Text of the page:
Worker Productivity | Nutrition Evaluation Measures
Worker productivity measures for nutrition1-2
Healthier employees are less likely to call in sick. Companies can sometimes assess sick day use as the most direct measure to determine whether health programs are increasing worker productivity.
- Determine the average number of sick leave days per employee over the previous 12 months for health conditions affected by dietary behavior such as type 2 diabetes
- This measure may be less useful if there has been a large increase or decrease in numbers of employees over the past 12 months
- Determine the costs for worker absenteeism including costs of replacement workers, costs in training replacement workers, and loss and delay in productivity
- Determine time employees spend during working hours participating in nutrition related worksite programs
- Re-assess the average number of sick days per employee at the first follow-up evaluation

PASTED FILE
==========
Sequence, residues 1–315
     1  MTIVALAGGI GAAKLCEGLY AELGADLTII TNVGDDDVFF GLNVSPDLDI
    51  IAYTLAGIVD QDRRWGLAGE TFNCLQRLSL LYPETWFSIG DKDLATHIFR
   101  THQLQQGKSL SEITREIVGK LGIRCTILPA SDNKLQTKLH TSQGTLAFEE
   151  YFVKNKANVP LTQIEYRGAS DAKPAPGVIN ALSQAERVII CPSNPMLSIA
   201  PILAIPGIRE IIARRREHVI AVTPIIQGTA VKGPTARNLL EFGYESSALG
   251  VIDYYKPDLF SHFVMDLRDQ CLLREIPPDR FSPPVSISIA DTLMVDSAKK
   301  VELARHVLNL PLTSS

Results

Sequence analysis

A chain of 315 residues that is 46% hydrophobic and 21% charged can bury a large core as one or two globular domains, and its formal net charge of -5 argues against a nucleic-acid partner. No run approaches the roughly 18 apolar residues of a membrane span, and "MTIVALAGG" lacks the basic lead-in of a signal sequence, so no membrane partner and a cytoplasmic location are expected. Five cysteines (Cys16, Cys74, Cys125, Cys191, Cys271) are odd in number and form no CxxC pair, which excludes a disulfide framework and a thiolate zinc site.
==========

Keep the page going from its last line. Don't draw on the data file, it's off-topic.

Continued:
- Periodic repeats of other baseline measures
- Assess changes in the average number of sick days per employee in repeated follow-up evaluations
- Assess changes in time employees spend during working hours participating in nutrition related worksite programs
- Assess changes in costs from baseline
1. Centers for Disease Control and Prevention. Framework for program evaluation in public health. Morbidity and Mortality Weekly Report 1999;48(No. RR-11): 1-40.
2. Goetzel RZ, Ozminkowski RJ. Program evaluation. In: O’Donnell MP, editor. Health promotion in the workplace, 3rd edition. Albany, NY: Delmar Thomson Learning; 2002. p 116-165.
- Page last reviewed: March 30, 2016
- Page last updated: March 30, 2016
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